The SDSU Writers’ Conference has a long history of launching careers by opening doors. This annual conference was among the first to pioneer 1:1 appointments with agents and editors, giving writers unprecedented access to top-tier publishing professionals — many of whom interact with unpublished authors only through conferences.
Among the more than 300 writing enthusiasts/aspiring authors who descended upon the 2015 SDSU Writers’ Conference was Carla Kerper (pen name Carla Pierce) who came in search of feedback on her novel, Playing the Split. Among her scheduled appointments was an Advance Reading with Stacy Creamer, vice president and executive editor with Hachette Book Group.
Advance Reading appointments require submitting the first 10 pages of your manuscript to be read prior to the conference. Attendees also have the option of scheduling a Consultation appointment, which is a Q&A opportunity to pitch your project as a whole and discuss its viability in the marketplace.
Every year, each editor and agent chooses their favorite project(s) for a Conference Choice Award, and Kerper’s was chosen by Creamer. We trace Kerper’s SDSU Writers’ Conference experience, and where she is today on her journey to publication.
Are you a writer by profession or is it an avocation?
Writing is a hobby for me, but I treat it like a job and try to write every day, early in the morning.
Tell us about your novel.
Playing the Split is a coming-of-age story/dysfunctional family saga about a young woman who gets in way over her head with her on-the-lam fiancé and his sexy parolee brother. As her wedding day approaches, and as events spiral out of control, she finds herself literally caught in the crossfire.
How long have you been working on it?
A long, long time! I’m glad to be working on a new novel that features some of the same gritty characters.
Care to share the opening line or paragraph?
The air in our apartment was warm and thick with the usual smells: frozen burrito wrappers in the trash can, dirty socks, the sharp note of an open beer, two-day-old pot smoke hanging around like the perfume of someone long gone.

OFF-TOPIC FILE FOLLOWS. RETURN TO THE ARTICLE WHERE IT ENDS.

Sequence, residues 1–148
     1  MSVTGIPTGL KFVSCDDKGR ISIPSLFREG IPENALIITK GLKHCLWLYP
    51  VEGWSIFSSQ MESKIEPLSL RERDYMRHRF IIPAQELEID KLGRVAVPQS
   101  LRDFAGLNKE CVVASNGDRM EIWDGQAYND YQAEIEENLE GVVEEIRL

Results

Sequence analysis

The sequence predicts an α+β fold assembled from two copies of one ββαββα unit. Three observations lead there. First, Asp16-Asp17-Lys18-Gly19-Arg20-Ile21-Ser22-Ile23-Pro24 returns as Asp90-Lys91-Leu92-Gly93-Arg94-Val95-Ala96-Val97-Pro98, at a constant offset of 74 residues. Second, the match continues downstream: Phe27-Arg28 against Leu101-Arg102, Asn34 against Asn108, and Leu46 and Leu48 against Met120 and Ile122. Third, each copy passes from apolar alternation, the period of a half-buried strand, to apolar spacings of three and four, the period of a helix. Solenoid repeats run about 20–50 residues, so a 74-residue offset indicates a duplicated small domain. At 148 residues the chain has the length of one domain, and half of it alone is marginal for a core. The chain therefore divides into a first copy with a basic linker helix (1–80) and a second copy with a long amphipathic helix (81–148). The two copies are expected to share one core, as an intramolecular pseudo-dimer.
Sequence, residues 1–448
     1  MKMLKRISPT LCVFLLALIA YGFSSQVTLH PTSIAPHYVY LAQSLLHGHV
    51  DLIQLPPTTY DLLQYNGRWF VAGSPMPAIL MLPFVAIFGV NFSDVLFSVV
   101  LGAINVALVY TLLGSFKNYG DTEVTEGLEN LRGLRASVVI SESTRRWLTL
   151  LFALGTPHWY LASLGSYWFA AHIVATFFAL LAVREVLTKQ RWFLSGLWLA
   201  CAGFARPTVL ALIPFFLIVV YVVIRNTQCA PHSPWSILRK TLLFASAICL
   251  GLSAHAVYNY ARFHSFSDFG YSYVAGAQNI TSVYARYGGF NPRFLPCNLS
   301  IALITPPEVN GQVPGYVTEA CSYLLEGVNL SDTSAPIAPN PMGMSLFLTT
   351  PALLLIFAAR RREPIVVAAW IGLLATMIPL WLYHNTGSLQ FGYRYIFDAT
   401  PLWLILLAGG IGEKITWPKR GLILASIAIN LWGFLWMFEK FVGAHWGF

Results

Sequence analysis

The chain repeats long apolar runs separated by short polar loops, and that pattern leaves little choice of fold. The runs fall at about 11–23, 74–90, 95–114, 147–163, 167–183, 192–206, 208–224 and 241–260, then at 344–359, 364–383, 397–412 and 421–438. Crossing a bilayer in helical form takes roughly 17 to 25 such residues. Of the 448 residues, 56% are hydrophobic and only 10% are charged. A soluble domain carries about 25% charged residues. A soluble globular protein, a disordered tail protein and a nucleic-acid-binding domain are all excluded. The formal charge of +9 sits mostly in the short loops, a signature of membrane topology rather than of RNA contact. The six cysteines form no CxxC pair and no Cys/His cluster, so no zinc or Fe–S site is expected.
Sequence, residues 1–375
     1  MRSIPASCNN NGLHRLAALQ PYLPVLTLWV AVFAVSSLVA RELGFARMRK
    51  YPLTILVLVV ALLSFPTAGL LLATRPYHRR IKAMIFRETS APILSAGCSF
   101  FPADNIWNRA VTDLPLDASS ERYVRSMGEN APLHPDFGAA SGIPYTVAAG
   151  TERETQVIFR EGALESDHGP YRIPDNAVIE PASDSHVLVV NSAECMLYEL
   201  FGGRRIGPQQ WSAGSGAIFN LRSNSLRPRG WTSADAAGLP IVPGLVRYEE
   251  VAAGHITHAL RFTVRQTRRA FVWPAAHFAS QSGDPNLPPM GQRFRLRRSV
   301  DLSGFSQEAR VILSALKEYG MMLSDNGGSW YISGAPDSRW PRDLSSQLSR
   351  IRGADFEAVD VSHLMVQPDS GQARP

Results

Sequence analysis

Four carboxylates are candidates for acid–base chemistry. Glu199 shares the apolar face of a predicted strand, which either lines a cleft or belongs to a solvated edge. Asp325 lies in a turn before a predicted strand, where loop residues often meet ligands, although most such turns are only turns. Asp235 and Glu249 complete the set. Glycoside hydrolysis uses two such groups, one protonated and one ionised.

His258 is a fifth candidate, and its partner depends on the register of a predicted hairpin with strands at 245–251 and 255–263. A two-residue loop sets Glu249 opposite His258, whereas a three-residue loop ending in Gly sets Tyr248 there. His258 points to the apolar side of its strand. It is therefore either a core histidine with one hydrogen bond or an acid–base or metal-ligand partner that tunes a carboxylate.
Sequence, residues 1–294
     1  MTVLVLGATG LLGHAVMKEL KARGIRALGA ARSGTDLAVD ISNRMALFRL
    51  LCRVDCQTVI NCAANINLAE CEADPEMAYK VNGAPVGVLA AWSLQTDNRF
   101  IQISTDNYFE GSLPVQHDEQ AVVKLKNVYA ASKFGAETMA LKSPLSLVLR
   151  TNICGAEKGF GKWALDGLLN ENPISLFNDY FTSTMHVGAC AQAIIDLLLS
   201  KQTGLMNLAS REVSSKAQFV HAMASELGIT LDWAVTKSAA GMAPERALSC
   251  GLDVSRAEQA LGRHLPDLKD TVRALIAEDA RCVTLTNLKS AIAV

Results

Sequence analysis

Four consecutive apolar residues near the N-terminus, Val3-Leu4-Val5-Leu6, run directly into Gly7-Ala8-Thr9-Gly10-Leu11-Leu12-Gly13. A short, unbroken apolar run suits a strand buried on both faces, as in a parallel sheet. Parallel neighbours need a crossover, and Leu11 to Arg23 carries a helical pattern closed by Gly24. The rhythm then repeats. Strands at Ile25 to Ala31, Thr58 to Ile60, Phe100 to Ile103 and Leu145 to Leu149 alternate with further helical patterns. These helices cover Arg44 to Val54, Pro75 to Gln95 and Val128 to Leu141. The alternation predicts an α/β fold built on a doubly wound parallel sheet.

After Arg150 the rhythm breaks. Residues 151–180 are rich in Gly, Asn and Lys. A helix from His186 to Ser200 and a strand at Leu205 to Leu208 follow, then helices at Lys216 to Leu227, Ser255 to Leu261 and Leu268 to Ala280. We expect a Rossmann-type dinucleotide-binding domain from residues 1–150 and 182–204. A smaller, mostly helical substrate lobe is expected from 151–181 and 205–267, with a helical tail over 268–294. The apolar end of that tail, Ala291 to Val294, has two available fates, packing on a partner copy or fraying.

Could you tell that Stacy was pretty excited about your 10 pages or was it a complete surprise when you heard your name announced as a Conference Choice winner?
She seemed very excited about it! She said she “loved it” and “laughed on the plane” while reading it. But it was definitely a complete surprise when I heard my name announced!
Are you still heady with euphoria?
Yes, it was a wonderful honor.
Did she give you any suggestions on reworking the first 10 pages before sending her the complete manuscript?
No, she didn’t have any suggestions. She just said she’d love to read the full manuscript.
What was her response to your complete manuscript?
Actually, she has it right now and I’m awaiting word!
How did you hear about the SDSU Writers’ Conference?
From other writers.
Was 2015 your first time at the conference or have you attended before?
I attended last year’s (2014) conference and got hooked!
What do you think is one of the greatest strengths of the conference?
There are so many! Meeting and networking with other writers, getting query letter advice, receiving incredible feedback from agents and editors, and attending the informative panels, to name a few.
Did you take advantage of the conference’s On-the-Spot Query Letter Critique session on Friday? If so, did you get constructive feedback?
I attended literary agent Angela Rinaldi’s On-the-Spot Query Letter Critique session and received helpful, personal feedback on my query. Ms. Rinaldi gave an agent’s-eye-view of what works and what doesn’t in a query, using letters submitted to her by the audience. It was brutal, but fun. This session was one of the conference highlights.
Did you make a connection with a fellow writer or an editor or agent at one of the mixers or the networking lunch?
I’m too shy to actually “approach” editors and agents at mixers, but I did have a wonderful time talking with other writers.
What’s the first book that spoke to you as a young reader?
I read the entire Nancy Drew series, starting with The Secret of the Old Clock. After I’d read the last book in the series, including the Nancy Drew Cookbook, I started reading Agatha Christie’s mysteries. Then the Perry Mason series. Then Sherlock Holmes. And then P.D. James, Colin Dexter, Sue Grafton, and so on. Each one of these authors had a huge impact on me. But that first book definitely lit the fire.
Who’s your favorite author (or top three if it’s hard to choose one)?
Suspense: Lee Child; literary: J.M. Coetzee; mystery: Sue Grafton.
What keeps you going in the pursuit of your writing goal?
Being in a weekly read-and-critique group (through San Diego Writers Ink), and taking writing (and criminal justice!) classes locally. Since many of my characters are either cops or criminals, I take courses to learn the laws and lingo, and also because the subject is interesting to me. I also volunteer at a prison, with a fantastic local program called Reading Legacies, which helps incarcerated parents read books to their children.
Will we see you again at a future conference?
One hundred percent chance of that!
Anything you’d like to add?
The SDSU Writers’ Conference staff, and the agents, editors, and speakers/panelists, are totally dedicated to helping writers of every genre achieve their goals. An excellent experience!